PORTSMOUTH, N.H. (AP) — New Hampshire and Maine celebrated the opening of a new bridge Thursday that has become a steel symbol of their past cooperation and their commitment to future commerce.
The $81.4 million Memorial Bridge between Portsmouth and Kittery, Maine, replaces one that was built in 1923 and closed two years ago.
As she did 90 years ago at age 5, former Portsmouth mayor Eileen Foley did the ribbon-cutting honors, riding across the bridge in a golf cart with a bouquet of flowers on her lap. The crowd cheered as she cut the ribbon, then sang ‘‘God Bless America.’’
New Hampshire Gov. Maggie Hassan noted that the bridge includes state-of-the-art technology to meet the needs of modern commerce and travel, yet echoes the look and feel of the original.
‘‘The new bridge reminds us all of the historic connection between Maine and New Hampshire as well as our shared economic future,’’ she said. ‘‘The new Memorial Bridge will once again link the downtown areas of Portsmouth, New Hampshire, and Kittery, Maine, and support the business, social, tourism and cultural activities of both communities and the entire seacoast region.’’
After the ceremony, hundreds of people swarmed over the bridge, the only one of the three over the Piscataqua River that is open to pedestrian and bicycle traffic. Joanne Bisson, who lives just over the bridge in Kittery, said she was thrilled to cross it once again.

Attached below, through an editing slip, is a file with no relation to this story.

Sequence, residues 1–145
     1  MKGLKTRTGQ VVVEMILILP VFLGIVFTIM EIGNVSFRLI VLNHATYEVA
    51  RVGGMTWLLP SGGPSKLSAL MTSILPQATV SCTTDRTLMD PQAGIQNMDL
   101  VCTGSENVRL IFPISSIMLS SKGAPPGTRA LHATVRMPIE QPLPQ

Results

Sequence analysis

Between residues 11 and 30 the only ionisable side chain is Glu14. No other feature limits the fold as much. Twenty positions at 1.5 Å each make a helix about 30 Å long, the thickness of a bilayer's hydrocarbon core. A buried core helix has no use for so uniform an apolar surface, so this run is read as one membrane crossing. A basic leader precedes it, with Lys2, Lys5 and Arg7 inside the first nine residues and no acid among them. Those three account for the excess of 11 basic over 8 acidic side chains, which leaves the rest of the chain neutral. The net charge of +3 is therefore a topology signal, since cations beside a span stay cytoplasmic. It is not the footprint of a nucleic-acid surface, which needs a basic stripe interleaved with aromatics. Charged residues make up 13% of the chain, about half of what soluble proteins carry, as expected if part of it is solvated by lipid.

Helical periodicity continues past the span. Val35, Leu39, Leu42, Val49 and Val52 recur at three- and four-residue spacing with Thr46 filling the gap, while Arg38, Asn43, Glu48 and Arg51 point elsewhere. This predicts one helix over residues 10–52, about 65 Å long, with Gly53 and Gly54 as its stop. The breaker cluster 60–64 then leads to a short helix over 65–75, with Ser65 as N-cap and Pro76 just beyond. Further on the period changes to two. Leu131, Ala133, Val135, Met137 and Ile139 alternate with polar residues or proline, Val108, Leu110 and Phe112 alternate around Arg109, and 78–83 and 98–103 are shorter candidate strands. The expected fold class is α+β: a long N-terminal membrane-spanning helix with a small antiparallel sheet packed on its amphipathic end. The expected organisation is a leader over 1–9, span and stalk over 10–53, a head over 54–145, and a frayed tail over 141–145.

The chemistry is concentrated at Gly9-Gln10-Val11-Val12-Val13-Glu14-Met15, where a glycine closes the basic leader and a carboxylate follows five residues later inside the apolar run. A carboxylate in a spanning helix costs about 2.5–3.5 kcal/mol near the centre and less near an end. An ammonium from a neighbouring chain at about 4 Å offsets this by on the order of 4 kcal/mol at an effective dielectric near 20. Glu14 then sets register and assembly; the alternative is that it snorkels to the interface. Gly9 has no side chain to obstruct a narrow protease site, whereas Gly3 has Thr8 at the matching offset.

‘‘It’s a vital link. We walk in and enjoy Portsmouth,’’ she said. ‘‘It’s just community.’’
Hassan and other speakers at the ceremony praised the congressional delegations from both states for securing a $20 million federal grant for the project; they praised the local businesses that supported it and the construction workers who spent months building the new bridge.
U.S. Sen. Susan Collins, R-Maine, noted that Maine is the only state that borders just one other state.
‘‘Our one and only U.S. neighbor is New Hampshire, but we share much more than just the border. We share a history rooted in independence and a culture built on hard work and self-reliance,’’ she said. ‘‘We are here today because we also share an economy and a commitment to the future.’’
Just as the two states worked together to save the Portsmouth Naval Shipyard from closure, they rallied to replace the bridge, Collins said.
‘‘We grew up together, and we stand together,’’ she said.
Before the speeches, two police officers on motorcycles led a procession from Kittery that included a color guard, musicians, antique cars and state, local and federal officials. Portsmouth Officer Chris Kiberd said later ‘‘it was a pretty cool opportunity’’ to be part of history.
‘‘I felt like I was at my wedding with so many people taking pictures of me,’’ he said.